The level of the transcription factor Nanog directly determines the efficiency of mouse embryonic stem cell (ESC) self-renewal. Nanog protein exists as a dimer with the dimerisation domain composed of a simple repeat region in which every fifth residue is a tryptophan, the tryptophan repeat (WR). Although WR is necessary to enable Nanog to confer LIF-independent self-renewal, the mechanism of dimerisation and the effect of modulating dimerisation strength has been unclear. Here we couple mutagenesis with functional and dimerisation assays to show that the number of tryptophans within the WR is linked to the strength of homodimerisation, Sox2 heterodimerisation and self-renewal activity. A reduction in the number of tryptophan residues leads initially to a gradual reduction in activity before a precipitous reduction in activity occurs upon reduction in tryptophan number below eight. Further functional attrition follows subsequent tryptophan number reduction with substitution of all tryptophan residues ablating dimerisation and self-renewal function completely. A strong positional influence of tryptophans exists with residues at the WR termini contributing more to Nanog function, particularly at the N-terminal end. Limited proteolysis demonstrates that a structural core of Nanog encompassing the homeodomain and the tryptophan repeat can support LIFindependent colony formation. These results increase understanding of the molecular interactions occurring between transcription factor subunits at the core of the pluripotency gene regulatory network and will enhance our ability to control pluripotent cell selfrenewal and differentiation.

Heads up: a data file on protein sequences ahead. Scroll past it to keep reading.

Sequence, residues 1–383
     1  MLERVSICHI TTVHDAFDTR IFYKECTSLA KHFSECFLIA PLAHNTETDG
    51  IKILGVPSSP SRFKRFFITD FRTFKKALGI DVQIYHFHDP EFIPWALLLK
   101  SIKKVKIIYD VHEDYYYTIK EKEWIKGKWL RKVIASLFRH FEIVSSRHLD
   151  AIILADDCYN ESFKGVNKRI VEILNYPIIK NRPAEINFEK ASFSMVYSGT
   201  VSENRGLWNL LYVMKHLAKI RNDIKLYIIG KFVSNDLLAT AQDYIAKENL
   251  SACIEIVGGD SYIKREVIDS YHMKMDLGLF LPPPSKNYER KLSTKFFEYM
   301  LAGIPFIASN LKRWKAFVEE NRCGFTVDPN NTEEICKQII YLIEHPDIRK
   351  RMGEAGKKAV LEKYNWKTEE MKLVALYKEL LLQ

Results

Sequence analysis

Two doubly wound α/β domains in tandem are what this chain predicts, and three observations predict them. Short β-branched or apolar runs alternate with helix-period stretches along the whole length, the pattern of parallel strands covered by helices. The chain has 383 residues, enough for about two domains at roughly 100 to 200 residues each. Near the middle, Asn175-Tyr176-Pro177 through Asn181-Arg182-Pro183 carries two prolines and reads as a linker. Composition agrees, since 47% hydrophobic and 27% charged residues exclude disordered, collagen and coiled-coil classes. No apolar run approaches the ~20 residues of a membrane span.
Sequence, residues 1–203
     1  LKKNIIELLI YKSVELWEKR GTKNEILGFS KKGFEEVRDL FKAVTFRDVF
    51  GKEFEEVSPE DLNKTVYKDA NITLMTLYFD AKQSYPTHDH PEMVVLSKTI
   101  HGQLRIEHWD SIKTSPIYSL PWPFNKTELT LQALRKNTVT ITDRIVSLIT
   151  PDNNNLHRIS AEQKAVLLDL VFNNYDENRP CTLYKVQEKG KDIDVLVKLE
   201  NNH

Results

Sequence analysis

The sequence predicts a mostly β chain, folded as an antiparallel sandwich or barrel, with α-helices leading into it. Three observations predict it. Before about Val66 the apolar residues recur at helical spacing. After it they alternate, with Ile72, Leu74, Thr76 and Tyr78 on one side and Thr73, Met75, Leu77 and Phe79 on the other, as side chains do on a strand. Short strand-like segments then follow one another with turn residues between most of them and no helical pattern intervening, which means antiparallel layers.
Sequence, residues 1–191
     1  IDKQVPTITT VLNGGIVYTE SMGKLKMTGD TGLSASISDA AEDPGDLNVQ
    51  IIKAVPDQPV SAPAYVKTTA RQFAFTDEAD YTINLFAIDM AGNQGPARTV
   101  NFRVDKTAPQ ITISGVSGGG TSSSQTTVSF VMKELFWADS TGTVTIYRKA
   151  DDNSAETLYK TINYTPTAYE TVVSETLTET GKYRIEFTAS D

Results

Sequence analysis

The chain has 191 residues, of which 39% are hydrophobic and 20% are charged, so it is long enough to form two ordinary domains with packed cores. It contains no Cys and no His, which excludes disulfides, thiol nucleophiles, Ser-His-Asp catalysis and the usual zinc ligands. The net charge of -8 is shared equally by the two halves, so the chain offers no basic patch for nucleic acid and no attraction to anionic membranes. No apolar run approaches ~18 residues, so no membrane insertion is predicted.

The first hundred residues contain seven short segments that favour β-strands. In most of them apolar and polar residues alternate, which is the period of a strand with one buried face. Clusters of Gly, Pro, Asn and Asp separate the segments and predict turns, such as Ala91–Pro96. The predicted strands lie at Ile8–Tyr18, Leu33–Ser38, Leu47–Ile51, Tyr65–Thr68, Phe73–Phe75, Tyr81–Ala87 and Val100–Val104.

- aromatic interactions
- structural core